Students from John Brown University will dedicate a few of their Saturdays during the semester to street evangelism as part of E-van, a new CAUSE ministry.
On set dates throughout the semester, students in E-van will drive to the University of Arkansas and spend five hours talking with people around the college campus in Fayetteville. Freshman Josiah Wadsack, the ministry leader, said recently he counted about 40 interested students.
“One of the ways to get the Gospel slammed into our heads is to share it with others,” Wadsack said.
Wadsack said he wanted the ministry to excite the students of John Brown University about the Gospel by allowing them to share their faith with others.
“I’d love for the students at JBU to have a passion for evangelism,” Wadsack said. “I want students to know how important it is for students to actually go and share the Gospel and to actually allow themselves to be changed by that.”
He described evangelism as Christians partnering with God to lovingly draw unbelievers into Christ’s kingdom, and he credits the Lord for any blessings E-van shall produce.
“It’s God working through E-van,” Wadsack said. “We can do the cute little fun things and go there, but really what it takes is for God to draw people.”
Wadsack said this fact gives Christians the freedom and assurance to cast aside any fears of failure hindering them from taking part in evangelism.
“We could totally mess it up, but God could still use that,” Wadsack said. “God uses us in our faults. Christ’s power is perfected in our weakness.”
E-van directors invited every University student with a desire to serve to take part in the ministry. They claimed that God does not require expert communicators to change lives.
“People don’t need to have any skills,” Wadsack said. “They can be like the most anti-social, awkward, nerdy person ever. Jesus uses pretty messed up people. I believe He can use messed up people to share the Gospel too.”
The leaders intentionally designed the ministry to ease fears new evangelists may grapple with. The ministry partnered with a Christian ministry called Cru at the University of Arkansas. E-van will immerse students in training sessions focused on how to share the gospel before sending them out to evangelize. Confident evangelists will pair up with less experienced evangelists in order to alleviate as much anxiety as possible.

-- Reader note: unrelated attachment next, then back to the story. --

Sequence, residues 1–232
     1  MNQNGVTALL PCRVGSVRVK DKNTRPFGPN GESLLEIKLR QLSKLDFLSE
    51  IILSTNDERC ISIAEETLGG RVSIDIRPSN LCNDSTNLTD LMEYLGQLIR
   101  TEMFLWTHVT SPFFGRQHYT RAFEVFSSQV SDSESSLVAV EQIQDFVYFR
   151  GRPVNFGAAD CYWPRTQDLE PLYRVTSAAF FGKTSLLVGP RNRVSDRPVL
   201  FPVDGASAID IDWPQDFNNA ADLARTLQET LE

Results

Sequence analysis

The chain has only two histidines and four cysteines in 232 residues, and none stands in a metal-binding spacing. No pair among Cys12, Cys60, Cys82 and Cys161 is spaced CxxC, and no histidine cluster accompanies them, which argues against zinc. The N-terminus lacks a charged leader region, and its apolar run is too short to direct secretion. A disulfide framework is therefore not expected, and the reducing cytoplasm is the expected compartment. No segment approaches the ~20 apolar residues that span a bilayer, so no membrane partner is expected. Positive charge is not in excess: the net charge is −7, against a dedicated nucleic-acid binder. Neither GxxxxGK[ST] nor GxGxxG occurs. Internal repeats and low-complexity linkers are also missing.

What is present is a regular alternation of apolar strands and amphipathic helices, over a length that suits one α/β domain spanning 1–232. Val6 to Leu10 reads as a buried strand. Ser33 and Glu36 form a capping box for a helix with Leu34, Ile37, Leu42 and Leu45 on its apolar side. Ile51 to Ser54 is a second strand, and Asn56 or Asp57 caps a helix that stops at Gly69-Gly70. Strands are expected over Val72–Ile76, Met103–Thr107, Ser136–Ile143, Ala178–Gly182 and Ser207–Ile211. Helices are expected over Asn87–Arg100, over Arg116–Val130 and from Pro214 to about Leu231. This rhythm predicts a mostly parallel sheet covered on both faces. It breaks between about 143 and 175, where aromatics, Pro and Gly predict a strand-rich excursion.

Passion group leader and sophomore Melissa Lloyd described E-van as a wonderful opportunity for passion groups to get off campus and actively serve the Lord.
“I think it’s a great growing experience,” Lloyd said. “It will be a great practice for people at JBU. There may be people here in our passion groups who may have never even immersed themselves and evangelized before, and it’s something we all should experience as Christians.”
Lloyd said although the University defines itself as a Christian university, the school as a whole does little to reach out to non-Christians. She sees E-van as a means of changing that reputation.
“This would be doing something about it,” Lloyd said. “This would be acting. This is what JBU needs to do.”
Frank Huebert, director of discipleship, said the new ministry aligned well with the deep evangelical history of the school. While he did not have any specific details, he said he would be surprised if this was the first ministry dedicated to street evangelism.
“In recent years, however, there has been stronger involvement and initiation coming in the form of service and awareness ministries,” Huebert said. “There has not been as strong a participation in some of the more overtly evangelistic types of ministries.”
But both Wadsack and Huebert agreed that it is important for students to get off campus and talk to others about their faith.
“As we engage others with our faith, we are pushed, challenged and ultimately formed in our own faith commitments,” Huebert said. “Our engagement in evangelism compels us to see the world through God’s eyes, with compassion and hope.”
Wadsack stressed that God calls every Christian to reach out to unbelievers.
“God says, ‘I’m glad you’re my son; now, go tell others,’” Wadsack said. “I hope that becomes a part of the campus culture and a part of every JBU student’s life.”